Guide To Electrolyte Management: Hyperkalemia


This page is dedicated to discussing how to manage hyperkalemiaThis condition is characters by a serum potassium level greater then 5.5 mEq/L. Guides on managing other electrolyte abnormalities can be found here.

Hypokalemia is a medical condition that may require intervention (source)

*It is important to keep in mind that hypokalemia can not be adequately addressed if a patient’s hypomagnesemia has not been addressed as well. 


In the case of hyperkalemia there are finite options that can be utilized to correct the issue. These options are listed below:

Stabilize cardiac membrane:

  • Calcium glucoante infusion: calcium antagonizes the tissue effects of potassium. While the serum concentration of potassium will not be changed with this intervention. Typically can administer 10 mls of a 10% solution as IV push over 2-3 minutes. This can be repeated q 5 minutes.

Shift potassium intracellularly:

  • Intravenous infusion of dextrose (10% concentration) and regular insulin: this will force glucose into cells which will also drive potassium to be moved intracellularly (as glucose and potassium transport into cells was associated). Typically can give 10 U of regular insulin IV push with 25 g of Dextrose IV push (if patient is not hyperglycemic).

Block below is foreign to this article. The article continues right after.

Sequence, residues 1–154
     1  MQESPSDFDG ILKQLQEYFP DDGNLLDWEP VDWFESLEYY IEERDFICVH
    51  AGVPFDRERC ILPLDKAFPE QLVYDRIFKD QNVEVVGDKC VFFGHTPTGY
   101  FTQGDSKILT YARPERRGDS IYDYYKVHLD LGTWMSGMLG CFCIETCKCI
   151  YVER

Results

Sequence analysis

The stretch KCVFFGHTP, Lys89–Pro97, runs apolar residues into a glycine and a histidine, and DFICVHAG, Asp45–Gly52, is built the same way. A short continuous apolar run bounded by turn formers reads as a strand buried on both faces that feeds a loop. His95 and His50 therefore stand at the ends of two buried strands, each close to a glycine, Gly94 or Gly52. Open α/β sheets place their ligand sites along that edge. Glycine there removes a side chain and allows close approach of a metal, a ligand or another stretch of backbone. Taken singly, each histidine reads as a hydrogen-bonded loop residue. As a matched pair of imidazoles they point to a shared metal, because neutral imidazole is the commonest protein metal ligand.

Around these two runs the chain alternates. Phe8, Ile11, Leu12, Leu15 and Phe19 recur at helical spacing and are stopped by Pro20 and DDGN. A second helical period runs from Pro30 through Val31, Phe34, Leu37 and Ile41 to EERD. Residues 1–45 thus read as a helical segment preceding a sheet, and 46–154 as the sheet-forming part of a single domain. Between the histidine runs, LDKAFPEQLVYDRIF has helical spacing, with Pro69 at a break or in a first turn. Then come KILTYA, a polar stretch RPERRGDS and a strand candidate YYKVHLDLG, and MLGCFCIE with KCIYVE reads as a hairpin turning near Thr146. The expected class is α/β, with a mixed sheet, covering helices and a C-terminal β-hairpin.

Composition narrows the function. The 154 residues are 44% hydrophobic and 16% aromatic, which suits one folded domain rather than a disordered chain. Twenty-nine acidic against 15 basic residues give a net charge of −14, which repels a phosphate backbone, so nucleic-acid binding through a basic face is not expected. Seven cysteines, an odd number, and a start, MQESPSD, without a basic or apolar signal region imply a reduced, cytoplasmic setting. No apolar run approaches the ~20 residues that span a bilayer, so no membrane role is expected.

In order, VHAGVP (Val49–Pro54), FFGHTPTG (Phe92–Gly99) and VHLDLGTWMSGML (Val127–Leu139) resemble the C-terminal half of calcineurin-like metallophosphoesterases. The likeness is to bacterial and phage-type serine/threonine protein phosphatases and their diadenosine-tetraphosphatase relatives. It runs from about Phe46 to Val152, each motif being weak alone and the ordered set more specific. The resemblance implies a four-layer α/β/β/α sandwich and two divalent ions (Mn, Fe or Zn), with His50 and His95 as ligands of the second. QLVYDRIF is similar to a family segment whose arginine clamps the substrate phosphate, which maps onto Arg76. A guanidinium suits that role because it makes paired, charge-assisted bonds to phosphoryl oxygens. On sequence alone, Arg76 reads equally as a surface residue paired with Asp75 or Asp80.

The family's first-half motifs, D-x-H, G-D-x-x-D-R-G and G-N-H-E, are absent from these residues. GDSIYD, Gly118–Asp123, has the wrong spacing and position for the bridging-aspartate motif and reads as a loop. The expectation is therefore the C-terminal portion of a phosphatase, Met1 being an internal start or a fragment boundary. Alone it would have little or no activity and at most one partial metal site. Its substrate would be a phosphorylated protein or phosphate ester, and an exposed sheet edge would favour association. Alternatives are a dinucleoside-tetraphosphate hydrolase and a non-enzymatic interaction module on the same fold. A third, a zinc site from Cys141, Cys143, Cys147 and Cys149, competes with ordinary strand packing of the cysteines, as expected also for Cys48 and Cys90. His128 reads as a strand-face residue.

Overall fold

• Albuterol (inhaled or IV): β-adrenergic stimulation in this fashion is thought to decrease serum levels of potassium. Typically can give 15-20 mg nebulized over 10 minutes.
  • Intravenous sodium bicarbonate (only given if patient has severe metabolic acidosis): potassium may lower as acidosis is corrected. Typically can give 50 mmol IV push or 150 mmol/L IV at a variable rate.

Potassium elimination from body:

  • Furosemide (Lasix): this will cause potassium wasting by the kidney. Typically can give 40-80 mg IV push.
  • Kayexalate (sodium polystyrene sulfonate): this cation exchange resin will trade sodium for potassium in the intestine to lower serum levels of K+. It can be given with sorbitol to induce diarrhea and enhance potassium loss from the body. It should not be given in cases of ileus or bowel obstruction because it can cause colonic necrosis. Typcially 15-30 g can be given in 15-30 mls of 70% sorbitol (given PO)
  • Hemodialysis: last resort for management of hyperkalemia in the serum.




Page Updated: 01.28.2017